• It was drummed into us 20 years ago when I sold two-way radio systems for Motorola, “Under-promise and over-perform.” So simple, yet so many in the sales profession seem to get it backwards. Mike Lonergan
  • It is so simple. People buy from people they like. If your client likes you, they will buy anything you have. If they do not like you, you could not give it to them for free. Roger Cawthon
  • In a competitive situation, instead of ‘We can do that too!’, comment instead ‘Let me show you what we do differently.’ Works great to generate customer interest, and sets our product apart from the rest of the pack. Annette M. Bakic The mind isn’t open to my sales proposal unless I get a smile on their face.” I am not talking about a laugh fest but really connecting with the prospect and going for their heart as well as their head. When there is a chuckle in the sales meeting I know they are more relaxed and open to a very meaningful and candid conversation. This leads to a comfortable sale. Rich Delaney
  • People buy from someone they trust. Weyman W. Prater
  • First impressions are EVERYTHING. If you screw that up, you don’t stand a chance. You have to be a very good listener, find out what your prospect’s needs are, make them feel at ease with you. I take pride in my work, I believe in my product, and I have confidence to sell myself (not only the product). I once told my boss that I am very lucky with my success I’ve obtained in sales, and he told me that “you make your own luck”. I think that is true. You can’t wait for the sale to “just happen”. You have to MAKE it happen. Diane Schouten
  • When you begin to do business with someone, try to find a way to aid him/her in their pursuits. It’s simple. In my business of selling generators, I try and give the contractor I’m trying to establish regular business with a lead or two in the coming month. Customers call us for installed prices on generators. We only supply them so I refer my friend who installs them and now have him/her for life as a customer. I have illustrated a simple but proven principal of looking out for others. This can be applied throughout any business relationship through many different product and service offerings if your heart is right and you try to place as much importance on your customer’s world as you do your own. Michael R. Thibault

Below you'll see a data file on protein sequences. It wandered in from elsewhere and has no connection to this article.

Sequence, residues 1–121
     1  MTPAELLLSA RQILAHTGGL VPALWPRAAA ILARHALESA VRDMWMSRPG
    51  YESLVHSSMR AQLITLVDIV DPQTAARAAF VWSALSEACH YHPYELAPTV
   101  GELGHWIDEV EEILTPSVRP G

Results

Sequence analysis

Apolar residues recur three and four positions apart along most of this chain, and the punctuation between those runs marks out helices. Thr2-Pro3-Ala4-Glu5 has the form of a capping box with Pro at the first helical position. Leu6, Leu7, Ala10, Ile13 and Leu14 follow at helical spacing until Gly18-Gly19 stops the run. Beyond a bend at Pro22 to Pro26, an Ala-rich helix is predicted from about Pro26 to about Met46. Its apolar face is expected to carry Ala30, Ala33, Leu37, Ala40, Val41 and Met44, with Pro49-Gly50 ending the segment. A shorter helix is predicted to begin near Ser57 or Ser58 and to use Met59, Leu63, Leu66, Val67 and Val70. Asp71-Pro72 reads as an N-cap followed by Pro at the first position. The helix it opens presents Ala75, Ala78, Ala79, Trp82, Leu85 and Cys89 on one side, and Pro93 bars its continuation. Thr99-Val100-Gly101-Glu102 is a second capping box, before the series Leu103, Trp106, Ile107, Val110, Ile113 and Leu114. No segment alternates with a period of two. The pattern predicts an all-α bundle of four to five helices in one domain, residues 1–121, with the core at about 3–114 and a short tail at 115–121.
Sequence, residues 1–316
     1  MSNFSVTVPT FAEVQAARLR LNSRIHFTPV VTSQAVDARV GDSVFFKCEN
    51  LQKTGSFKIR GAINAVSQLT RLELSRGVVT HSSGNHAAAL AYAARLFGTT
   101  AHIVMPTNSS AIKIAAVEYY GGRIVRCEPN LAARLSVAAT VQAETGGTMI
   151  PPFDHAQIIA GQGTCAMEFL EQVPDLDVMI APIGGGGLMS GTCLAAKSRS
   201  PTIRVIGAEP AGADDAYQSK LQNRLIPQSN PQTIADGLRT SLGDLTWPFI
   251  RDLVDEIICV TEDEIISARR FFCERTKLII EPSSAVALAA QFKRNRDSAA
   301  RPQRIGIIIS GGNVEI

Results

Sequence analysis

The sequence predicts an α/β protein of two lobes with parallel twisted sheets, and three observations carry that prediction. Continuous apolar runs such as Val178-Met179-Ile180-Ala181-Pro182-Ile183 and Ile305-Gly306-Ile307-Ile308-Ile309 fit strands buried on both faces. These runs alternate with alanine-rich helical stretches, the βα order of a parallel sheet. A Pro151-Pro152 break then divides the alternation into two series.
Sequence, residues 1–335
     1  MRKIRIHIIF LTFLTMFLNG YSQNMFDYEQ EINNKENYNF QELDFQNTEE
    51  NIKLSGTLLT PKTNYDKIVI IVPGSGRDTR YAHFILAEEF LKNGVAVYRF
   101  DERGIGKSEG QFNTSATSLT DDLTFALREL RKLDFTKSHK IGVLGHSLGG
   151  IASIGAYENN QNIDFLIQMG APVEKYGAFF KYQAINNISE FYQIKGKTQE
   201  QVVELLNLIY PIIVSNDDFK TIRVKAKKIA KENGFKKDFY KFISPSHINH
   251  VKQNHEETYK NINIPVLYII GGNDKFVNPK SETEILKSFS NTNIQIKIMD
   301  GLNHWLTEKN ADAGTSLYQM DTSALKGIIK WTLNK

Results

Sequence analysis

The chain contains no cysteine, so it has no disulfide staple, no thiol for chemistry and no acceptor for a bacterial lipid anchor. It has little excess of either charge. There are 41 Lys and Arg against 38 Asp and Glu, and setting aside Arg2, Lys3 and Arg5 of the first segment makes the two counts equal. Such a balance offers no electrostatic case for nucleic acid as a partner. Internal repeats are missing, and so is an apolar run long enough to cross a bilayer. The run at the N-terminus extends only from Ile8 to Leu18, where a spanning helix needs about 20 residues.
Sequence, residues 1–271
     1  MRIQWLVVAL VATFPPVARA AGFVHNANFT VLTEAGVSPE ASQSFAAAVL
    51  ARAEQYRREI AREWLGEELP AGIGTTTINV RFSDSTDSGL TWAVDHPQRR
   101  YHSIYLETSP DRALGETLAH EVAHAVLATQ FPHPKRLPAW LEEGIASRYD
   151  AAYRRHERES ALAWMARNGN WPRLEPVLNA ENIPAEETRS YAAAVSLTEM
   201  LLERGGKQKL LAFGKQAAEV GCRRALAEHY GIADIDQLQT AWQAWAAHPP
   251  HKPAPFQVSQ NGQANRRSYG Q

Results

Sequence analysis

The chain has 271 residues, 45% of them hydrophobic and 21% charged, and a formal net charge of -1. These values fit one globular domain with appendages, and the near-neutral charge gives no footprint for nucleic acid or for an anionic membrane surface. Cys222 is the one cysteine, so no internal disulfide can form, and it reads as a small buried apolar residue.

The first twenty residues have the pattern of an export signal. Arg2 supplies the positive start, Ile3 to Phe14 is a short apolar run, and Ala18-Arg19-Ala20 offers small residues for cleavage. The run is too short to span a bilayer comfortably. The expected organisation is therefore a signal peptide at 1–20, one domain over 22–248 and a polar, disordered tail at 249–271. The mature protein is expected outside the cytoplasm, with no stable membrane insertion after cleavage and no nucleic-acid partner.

• If we don’t make it, find a way to have it made for them! Relationships are everything! Customer buy from us because they know we will go the extra mile for them. James Kennedy
  • If you tell your prospect/customer that you’re going to do something for them…do it.” Have you promised to get additional information?…A technical perspective?…product information?…etc. If you’ve promised something, then follow through and deliver. It sounds simple, but if you do that, you’ll set yourself apart from a vast majority of the competition! Mark Baltimore
  • Price only matters in the absence of value. Ray Moore
  • “No” does not mean “No”, it means “Not right now.” When a prospective sale comes back as “No”, treat it as “Not right now”. Stay in touch by periodically “dripping” information to and checking in with your prospect. You never know when circumstances (or decision makers) may change. Denise Burleigh
  • You can’t loose what you don’t already have!” If a prospective client does not select your service or informs you they are using a competitor’s service, probe for more information. You might uncover the “real” reason you do not currently have the business. Even if you do not win the business, you will have a more informed approach toward your next prospect. Denise Burleigh